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Astral takes aim at Adobe It seems as if everyone is gunning for Adobe these days. First it was Apple and Microsoft (although the former recently seems to be having second thoughts about doing so). Then Electronics for Imaging (EFI) went after Adobe in an attempt to extract royalty payments covering the former's color portability patent (Adobe sued EFI instead). And now two PC-based software publishers, Astral Development and Slidetek (see below) are offering new versions of their programs that compete with Adobe Photoshop and Illustrator 3.0, respectively--and on the Mac, too.
Astral Development announced Picture Publisher in color for the Macintosh at the show. This revelation followed closely the announcement of Picture Publisher Plus, running under Windows 3.0.
The new versions offer similar functional capabilities, including an extensive suite of software tools for determining scanner and printer calibration curves. Both packages come with a Stouffer's gray wedge and a synthetic CMYK wedge, which is used to determine the appropriate correction levels for any given scanner or output device. The user can run calibration passes whenever he suspects that the scanner or output device is deviating from previously computed values.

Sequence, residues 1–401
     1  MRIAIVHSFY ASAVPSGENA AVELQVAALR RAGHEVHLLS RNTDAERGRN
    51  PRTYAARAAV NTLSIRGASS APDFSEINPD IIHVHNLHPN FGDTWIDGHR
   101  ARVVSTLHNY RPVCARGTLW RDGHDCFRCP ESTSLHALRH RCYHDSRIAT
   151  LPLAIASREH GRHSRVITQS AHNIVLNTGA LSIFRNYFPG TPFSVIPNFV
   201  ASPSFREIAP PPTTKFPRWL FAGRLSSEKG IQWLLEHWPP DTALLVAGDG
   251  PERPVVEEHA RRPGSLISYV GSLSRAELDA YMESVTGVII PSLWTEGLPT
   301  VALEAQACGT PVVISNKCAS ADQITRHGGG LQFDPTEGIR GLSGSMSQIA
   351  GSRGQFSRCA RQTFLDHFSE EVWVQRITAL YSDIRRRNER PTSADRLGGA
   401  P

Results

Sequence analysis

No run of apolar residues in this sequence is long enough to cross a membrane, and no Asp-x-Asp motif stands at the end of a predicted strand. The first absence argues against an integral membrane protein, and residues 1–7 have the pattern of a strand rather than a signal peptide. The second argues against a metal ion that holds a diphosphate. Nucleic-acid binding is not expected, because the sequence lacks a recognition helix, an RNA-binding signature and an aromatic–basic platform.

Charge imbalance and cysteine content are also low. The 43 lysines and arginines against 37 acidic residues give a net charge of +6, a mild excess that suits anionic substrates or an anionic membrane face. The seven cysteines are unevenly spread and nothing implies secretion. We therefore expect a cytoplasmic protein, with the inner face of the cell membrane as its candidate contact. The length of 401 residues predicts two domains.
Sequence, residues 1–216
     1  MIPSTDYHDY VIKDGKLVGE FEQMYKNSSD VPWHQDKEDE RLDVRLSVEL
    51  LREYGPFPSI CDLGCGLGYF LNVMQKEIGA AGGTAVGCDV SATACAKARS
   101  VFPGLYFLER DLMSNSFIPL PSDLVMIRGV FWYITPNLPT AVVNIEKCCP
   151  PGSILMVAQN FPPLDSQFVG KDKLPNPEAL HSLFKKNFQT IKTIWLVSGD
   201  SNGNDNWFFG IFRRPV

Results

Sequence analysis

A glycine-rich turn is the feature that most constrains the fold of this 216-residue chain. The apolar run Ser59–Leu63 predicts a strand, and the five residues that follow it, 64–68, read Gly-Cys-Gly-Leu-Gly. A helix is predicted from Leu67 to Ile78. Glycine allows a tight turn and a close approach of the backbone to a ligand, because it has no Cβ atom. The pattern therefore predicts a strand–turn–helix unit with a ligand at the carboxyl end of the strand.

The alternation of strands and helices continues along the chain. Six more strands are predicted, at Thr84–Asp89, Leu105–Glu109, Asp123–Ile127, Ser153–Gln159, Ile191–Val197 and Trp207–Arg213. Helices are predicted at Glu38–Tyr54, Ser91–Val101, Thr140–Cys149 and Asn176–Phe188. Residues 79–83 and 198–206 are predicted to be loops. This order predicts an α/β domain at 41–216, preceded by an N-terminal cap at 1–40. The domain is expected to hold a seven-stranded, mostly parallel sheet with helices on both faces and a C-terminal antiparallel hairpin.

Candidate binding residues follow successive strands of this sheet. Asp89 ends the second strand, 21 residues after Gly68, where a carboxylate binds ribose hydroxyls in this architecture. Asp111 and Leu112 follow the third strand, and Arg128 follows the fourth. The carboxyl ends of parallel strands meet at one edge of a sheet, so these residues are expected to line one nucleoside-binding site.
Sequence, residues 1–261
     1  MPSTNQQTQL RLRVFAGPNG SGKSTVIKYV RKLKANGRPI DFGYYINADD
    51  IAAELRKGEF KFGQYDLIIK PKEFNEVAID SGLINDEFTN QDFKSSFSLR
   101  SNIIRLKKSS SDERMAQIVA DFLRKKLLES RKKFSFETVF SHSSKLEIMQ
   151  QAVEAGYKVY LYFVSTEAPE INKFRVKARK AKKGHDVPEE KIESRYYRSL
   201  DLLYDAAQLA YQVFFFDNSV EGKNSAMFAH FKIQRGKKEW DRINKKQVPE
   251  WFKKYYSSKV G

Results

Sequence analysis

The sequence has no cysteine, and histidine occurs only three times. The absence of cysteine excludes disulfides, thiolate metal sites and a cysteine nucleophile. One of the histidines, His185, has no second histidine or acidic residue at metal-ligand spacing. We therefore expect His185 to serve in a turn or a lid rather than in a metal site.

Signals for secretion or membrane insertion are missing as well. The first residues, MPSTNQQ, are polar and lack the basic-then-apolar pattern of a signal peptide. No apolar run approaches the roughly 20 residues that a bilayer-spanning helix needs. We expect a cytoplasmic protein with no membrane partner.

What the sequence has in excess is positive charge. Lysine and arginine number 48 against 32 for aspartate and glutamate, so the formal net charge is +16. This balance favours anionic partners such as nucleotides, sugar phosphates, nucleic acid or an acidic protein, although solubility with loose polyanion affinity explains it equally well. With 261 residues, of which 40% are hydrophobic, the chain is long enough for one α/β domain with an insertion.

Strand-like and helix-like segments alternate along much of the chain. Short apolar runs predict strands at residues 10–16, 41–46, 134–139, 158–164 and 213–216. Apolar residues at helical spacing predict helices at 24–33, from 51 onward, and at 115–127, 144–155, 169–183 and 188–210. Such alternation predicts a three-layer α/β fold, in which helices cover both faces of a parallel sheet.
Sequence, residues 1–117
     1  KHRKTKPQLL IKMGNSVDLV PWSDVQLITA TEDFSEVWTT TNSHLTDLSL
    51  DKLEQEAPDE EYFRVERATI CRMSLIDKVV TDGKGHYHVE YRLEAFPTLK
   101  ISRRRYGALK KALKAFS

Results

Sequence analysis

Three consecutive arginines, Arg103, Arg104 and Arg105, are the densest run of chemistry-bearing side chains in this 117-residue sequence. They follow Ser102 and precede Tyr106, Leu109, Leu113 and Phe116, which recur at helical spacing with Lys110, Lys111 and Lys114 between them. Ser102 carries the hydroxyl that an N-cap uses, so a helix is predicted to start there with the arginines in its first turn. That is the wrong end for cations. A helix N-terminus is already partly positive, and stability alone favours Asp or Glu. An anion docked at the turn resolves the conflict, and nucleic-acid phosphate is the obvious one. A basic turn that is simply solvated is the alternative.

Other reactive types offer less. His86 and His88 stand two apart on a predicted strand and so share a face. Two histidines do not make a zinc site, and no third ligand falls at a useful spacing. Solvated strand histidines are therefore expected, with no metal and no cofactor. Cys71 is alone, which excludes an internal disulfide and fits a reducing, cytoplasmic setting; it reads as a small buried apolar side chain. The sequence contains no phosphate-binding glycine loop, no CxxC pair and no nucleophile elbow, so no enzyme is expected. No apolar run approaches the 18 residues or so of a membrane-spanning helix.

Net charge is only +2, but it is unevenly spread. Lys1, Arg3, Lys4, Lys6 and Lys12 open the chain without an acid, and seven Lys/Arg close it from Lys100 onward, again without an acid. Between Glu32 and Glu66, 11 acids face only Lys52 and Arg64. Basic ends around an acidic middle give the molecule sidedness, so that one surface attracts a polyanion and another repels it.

The PC version takes advantage of the 8-bit extended VGA mode (supported on an increasing percentage of available VGA cards) to provide the minimum level of image quality necessary for retouching and painting functions at a fraction of the cost of the more expensive 32-bit Mac-based solutions. Picture Publisher provides a variable brush size for pixel editing, unlike Photoshop, which only allows you to work with a 16 X 16-pixel wedge. Picture Publisher also offers a more intuitive means of remapping an image's hues and colors, using sliding bars rather than the rotating disk used in Photoshop.
Aside from these and similar improvements, Astral now offers its full suite of interactive image manipulation functions on both platforms. The Mac program is similar to the PC version, but it allows 32-bit color manipulation as …